Writing on their blog, the OM editors thank the CMAJ for the kudos, but dispute the open access point:

"Given that CMAJ holds copyright and charges reprint and permission fees, it is not in fact an open access journal."

Update, July 4:
PLoS managing editor Chris Surridge with OM in a very amusing blog post.

DCA users don't want docs' help

My about two Toronto physicians who've begun prescribing cancer patients dichloroacetate (DCA) -- a neurotoxic drug that's untested for either safety or efficacy -- has some members of the discussion forum at (sister site of a site where cancer patients can buy DCA to self-medicate) .

Says one commenter, writing under the name "Steven":

"It's kind of foolish that these ‘experts; Dr.'s’ [sic] poke their noses into everything. I mean, it's your life and you are an adult so you can do what you want. Be it experimenting with dichloroacetate or anything else."
But when I spoke with Dr Akbar Khan, the medical director of the Toronto clinic in the article and one of the two doctors who is prescribing DCA (the other is his wife, Humaira Khan), he told me physician supervision is of the utmost importance to him. Here's an excerpt of the transcript:
NRM: Do you worry that people out there are trying DCA on their own?
Dr Akbar Khan: The concern is that patients are having side effects and not reporting it, and the drug is not stopped. I don’t recommend anybody take it without a doctor’s supervision, at least a family doctor to monitor it and do some tests. We do weekly blood tests, very comprehensive looks at organ function, kidneys, salt balance in bloodstream, and we are looking for improvement on those tests... The availability is not what worries me, I think it should be available. But it’s patients who use it on their own, without doctor supervision, that worry me.
NRM: Have you seen patients who’ve tried self-treatment?
AK: Yes, I saw one patient with lung cancer who had purchased it on the internet and tried it on his own. He had developed side effects -- vomiting and heartburn. We learned the patient was taking it in powder form, mixed into water. But that is not right way to take it. It is very acidic and it can cause burning in the mouth and throat and cause nausea and vomiting. We advised him the correct way of taking it in capsule form.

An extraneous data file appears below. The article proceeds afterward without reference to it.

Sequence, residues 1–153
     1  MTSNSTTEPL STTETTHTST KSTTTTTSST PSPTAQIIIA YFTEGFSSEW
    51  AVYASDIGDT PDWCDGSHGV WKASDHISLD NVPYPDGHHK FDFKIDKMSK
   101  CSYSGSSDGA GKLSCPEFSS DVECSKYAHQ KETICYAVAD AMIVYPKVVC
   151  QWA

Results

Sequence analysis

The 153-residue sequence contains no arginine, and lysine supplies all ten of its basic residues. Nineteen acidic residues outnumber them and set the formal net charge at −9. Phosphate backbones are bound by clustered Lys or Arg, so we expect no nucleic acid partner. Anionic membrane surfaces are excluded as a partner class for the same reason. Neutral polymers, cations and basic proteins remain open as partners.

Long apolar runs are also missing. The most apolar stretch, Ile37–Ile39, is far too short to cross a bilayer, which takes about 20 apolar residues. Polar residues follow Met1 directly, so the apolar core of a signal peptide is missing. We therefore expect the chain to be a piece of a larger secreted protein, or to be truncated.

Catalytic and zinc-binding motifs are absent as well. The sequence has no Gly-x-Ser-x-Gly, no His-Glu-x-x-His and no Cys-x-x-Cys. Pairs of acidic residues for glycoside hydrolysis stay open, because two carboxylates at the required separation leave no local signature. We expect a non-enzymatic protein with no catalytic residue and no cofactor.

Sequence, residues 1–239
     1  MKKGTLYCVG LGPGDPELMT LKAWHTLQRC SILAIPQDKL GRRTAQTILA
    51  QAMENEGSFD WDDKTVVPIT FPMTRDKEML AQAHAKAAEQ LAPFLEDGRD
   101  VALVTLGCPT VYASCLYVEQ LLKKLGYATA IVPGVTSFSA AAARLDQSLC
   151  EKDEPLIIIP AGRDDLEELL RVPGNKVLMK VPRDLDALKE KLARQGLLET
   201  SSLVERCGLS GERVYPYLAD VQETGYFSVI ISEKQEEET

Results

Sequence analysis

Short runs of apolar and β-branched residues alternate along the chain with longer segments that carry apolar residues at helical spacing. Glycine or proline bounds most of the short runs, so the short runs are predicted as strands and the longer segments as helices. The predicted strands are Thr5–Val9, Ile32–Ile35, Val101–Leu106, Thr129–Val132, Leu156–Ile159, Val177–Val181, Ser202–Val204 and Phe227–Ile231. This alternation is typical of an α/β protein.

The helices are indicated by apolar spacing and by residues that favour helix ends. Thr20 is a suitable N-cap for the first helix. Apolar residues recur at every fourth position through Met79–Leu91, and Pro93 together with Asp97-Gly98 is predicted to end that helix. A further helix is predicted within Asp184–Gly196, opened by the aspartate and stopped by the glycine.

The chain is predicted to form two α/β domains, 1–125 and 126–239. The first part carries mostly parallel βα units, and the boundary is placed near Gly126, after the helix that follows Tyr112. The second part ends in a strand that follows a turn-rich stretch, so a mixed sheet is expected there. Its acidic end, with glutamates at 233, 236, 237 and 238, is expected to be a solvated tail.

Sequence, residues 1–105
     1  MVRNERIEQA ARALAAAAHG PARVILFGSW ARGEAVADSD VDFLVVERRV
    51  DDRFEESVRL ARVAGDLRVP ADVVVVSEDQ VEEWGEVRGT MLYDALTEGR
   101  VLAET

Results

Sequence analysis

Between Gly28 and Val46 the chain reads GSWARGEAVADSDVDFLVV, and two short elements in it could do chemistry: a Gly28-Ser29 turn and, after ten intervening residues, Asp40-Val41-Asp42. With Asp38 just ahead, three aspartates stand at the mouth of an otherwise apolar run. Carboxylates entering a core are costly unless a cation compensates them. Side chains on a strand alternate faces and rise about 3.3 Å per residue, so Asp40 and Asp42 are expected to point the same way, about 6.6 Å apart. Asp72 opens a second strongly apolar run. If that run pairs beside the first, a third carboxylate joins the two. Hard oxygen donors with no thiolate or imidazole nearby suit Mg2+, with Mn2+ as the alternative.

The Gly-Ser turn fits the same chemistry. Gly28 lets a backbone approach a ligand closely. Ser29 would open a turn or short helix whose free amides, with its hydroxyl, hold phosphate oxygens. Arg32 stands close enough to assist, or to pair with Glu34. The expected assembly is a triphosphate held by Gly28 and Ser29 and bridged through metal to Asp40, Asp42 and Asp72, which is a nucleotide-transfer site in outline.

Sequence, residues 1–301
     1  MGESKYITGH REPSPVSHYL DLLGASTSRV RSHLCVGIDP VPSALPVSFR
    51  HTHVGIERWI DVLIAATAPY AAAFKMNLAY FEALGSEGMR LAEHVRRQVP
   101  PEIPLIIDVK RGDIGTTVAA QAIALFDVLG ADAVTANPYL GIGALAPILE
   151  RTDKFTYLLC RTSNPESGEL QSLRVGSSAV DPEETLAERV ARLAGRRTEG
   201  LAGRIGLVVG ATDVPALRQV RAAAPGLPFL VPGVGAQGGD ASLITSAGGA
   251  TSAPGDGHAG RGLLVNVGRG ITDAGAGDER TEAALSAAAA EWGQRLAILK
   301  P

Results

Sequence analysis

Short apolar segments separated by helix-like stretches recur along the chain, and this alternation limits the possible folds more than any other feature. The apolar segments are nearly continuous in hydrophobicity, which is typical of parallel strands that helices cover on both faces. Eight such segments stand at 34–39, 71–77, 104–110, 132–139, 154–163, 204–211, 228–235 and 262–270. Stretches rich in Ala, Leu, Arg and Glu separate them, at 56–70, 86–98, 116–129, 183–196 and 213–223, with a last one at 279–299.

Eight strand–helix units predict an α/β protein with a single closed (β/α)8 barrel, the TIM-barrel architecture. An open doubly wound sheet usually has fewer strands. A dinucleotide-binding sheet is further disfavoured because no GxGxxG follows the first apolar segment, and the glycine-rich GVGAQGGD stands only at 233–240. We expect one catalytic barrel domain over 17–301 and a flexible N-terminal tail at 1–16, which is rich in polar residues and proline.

Physicians arrested in UK car bomb plot

, the BBC reports.

The eighth detainee, the wife of one of the doctors arrested, is thought to be a lab technician at a National Health Service (NHS) hospital.

On Saturday, a car filled with crude gas cylinder bombs was driven into Glasgow's international airport where it burst into flames. The day before, two cars, also packed with gas cylinder bombs, failed to explode in front of a nightclub in London.

The two men who drove the Jeep into the Glagow airport are thought to have worked at the Royal Alexandra Hospital in Paisley, where one of them is being treated for burns. The suspects appear to all hail from different countries, including Iraq, Saudi Arabia, India and Jordan.

The disturbing physician-led plots are fuelling theories that al-Qaeda is using doctors to infiltrate the UK, using their status as physicians as a cover.

Britain -- and its tabloids (with headlines like "" and "") -- have reacted with horror to the thought that its hospitals are potential breeding grounds for terror cells.

More than a quarter of Britain's doctors are foreign-trained, according to (PDF) of NHS figures.

Prasad Rao, chairman of the British International Doctors Association, :

"It shocked me to hear that a doctor could remotely be connected to the people who are trying to kill and maim people for no reason.... A doctor's duty, even if he finds an injured terrorist, is to give medical help. You never knowingly help or assist an individual to kill and maim others. You take the Hippocratic oath and you do not discriminate on the basis of colour or gender or religion."